• With many of my families we set up rules regarding appropriate behavior, chore/homework completion and general attitude. If a few of these are broken on a daily basis, it’s no big deal. If the child is just not trying, then we take away the poker chips noted above, and possibly suspend electronics usage (TV, computer, video games and telephone) and outside play (including swimming) for 24 hours. If that doesn’t work, and it’s obvious that the child can behave better but just isn’t motivated to do so, then we move on to the big guns!

  • If there’s gross misbehavior (physical aggression, disruptive in school, too many smiley faces lost, or too many bad points earned on a home behavior-management system), then the child’s favorite CD or DVD can be put through the shredder. Of course the kid will be angry — but it was their choice to misbehave in the first place! As long as the rules are clear, consistent and your children are capable of success, then this consequence is fair.
  • It is their choice to lose the smiley, or to get a bad point, as well as to lose the poker chips if the misbehavior continues, or even to have a DVD shredded. Remember, it’s their choice and all that you are doing is being consistent with the rules that have been established!

Masking tape (about $2)

  • Tired of putting your child in time-out and having to constantly tell him to “get back in the corner”? It usually starts with a foot moving out of the corner area, and then a leg, and finally you see him inching his way down the wall. I’ve found that making the time-out situation more black-and-white (again, try to stay away from those pesky gray areas!) is generally more effective.

  • Take a roll of masking tape and make a “box” on the floor (shouldn’t damage the carpet, tile or even wood). Tell your child to stay “in the box,” and that if he doesn’t, he’ll lose a privilege or even a possession (shred a DVD or take a toy away permanently (thrown in the outside trash or given to charity — whichever is more effective).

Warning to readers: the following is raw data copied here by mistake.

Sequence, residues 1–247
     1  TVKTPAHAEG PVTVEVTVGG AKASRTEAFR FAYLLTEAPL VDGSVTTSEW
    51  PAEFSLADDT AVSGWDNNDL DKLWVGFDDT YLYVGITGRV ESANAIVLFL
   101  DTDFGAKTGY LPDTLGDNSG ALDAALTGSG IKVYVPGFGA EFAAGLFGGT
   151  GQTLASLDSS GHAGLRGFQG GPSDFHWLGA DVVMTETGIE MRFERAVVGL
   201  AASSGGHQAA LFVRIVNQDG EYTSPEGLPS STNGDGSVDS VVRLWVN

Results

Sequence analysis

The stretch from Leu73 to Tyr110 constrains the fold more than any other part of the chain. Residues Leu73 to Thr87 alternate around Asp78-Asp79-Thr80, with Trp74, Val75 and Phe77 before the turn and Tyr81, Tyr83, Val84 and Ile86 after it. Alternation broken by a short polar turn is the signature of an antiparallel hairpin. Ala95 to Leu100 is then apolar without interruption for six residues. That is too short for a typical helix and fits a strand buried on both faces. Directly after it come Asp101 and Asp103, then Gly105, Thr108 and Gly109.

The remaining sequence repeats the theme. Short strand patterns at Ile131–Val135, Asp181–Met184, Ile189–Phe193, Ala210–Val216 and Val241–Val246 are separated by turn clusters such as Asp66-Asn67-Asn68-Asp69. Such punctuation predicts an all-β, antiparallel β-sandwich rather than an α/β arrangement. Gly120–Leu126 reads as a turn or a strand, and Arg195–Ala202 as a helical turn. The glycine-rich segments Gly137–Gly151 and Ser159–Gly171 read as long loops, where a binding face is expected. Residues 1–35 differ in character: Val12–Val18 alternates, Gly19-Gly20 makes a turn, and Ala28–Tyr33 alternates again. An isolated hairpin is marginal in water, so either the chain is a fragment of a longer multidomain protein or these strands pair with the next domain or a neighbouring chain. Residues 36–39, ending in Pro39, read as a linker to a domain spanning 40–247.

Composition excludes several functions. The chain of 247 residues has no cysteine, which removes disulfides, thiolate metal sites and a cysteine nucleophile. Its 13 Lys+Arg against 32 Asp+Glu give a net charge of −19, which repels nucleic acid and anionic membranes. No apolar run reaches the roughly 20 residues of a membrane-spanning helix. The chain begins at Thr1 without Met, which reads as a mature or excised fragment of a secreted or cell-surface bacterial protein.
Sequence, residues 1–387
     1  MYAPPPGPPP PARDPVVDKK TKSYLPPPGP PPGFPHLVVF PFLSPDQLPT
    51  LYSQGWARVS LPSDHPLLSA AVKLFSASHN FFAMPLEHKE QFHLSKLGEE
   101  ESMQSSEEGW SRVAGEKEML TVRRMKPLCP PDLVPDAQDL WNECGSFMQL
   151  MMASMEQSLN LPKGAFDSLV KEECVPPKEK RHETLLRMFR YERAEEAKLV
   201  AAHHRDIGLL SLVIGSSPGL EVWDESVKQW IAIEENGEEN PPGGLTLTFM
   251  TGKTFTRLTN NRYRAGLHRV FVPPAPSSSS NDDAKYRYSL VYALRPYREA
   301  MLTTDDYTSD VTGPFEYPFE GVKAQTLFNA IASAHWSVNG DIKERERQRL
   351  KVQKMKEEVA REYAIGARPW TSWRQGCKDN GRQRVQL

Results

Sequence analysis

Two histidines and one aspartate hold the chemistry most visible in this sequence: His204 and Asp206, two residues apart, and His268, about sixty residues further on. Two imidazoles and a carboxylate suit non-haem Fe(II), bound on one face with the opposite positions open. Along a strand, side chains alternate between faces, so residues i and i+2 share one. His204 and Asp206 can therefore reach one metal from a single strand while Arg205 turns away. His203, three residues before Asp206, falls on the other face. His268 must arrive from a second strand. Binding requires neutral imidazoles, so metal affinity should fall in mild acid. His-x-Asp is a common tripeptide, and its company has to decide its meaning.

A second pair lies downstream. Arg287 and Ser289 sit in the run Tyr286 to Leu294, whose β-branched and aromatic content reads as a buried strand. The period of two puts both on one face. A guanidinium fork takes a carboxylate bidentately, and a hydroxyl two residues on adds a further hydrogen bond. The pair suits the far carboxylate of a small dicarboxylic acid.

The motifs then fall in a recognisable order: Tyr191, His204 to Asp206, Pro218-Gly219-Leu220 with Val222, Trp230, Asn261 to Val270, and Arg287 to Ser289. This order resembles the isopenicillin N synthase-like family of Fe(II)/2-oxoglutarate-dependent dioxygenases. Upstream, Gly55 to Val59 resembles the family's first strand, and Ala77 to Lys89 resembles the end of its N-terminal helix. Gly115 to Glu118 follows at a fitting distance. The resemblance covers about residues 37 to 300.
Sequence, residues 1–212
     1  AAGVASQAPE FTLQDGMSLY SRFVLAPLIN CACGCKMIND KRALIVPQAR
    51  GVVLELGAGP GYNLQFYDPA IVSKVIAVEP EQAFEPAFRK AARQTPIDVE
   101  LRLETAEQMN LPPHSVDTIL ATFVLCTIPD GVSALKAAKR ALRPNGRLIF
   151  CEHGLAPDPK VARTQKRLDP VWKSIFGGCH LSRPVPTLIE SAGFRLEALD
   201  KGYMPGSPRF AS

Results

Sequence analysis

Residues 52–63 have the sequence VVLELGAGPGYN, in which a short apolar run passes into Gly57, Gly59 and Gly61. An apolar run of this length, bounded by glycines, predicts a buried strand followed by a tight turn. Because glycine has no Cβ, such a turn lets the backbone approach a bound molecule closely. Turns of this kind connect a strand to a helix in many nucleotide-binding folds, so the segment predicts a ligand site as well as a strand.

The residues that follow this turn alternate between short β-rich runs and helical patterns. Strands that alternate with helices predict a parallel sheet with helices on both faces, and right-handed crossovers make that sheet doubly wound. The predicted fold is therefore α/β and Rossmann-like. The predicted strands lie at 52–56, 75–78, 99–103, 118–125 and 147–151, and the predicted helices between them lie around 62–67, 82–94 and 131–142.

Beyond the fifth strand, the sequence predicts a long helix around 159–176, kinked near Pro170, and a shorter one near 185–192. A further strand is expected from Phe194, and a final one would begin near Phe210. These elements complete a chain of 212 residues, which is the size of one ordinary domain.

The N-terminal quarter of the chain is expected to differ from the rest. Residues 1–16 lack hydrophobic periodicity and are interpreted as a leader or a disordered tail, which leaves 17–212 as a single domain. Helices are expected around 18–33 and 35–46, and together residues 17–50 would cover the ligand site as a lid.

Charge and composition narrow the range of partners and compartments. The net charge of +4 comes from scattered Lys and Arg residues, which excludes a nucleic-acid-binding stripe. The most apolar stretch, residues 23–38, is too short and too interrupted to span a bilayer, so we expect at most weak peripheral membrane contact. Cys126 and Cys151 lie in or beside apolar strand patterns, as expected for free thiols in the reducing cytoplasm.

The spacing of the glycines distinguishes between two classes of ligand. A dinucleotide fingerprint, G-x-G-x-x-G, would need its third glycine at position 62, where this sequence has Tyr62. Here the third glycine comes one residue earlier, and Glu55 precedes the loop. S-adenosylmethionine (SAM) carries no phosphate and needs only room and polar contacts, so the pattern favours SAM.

• The masking-tape box seems to keep kids in time-out much better than just sitting in the corner or on a chair or bottom step. And, use the digital timer to let him know when to come out — if the child leaves the “box” before the buzzer goes off, then set it again from the beginning or use another consequence such as loss of a privilege (TV time later in the day) or loss of a possession.

There are many other tips and techniques to be placed in the parent’s toolbox, but hopefully these few inexpensive ones will help you to become a more effective disciplinarian! Dr. Ruth Peters is a clinical psychologist and regular contributor to “Today.” For more information, you can visit her Web site at . Copyright ©2007 by Ruth A. Peters, Ph.D. All rights reserved.

PLEASE NOTE: The information in this column should not be construed as providing specific psychological or medical advice, but rather to offer readers information to better understand the lives and health of themselves and their children. It is not intended to provide an alternative to professional treatment or to replace the services of a physician, psychiatrist or psychotherapist.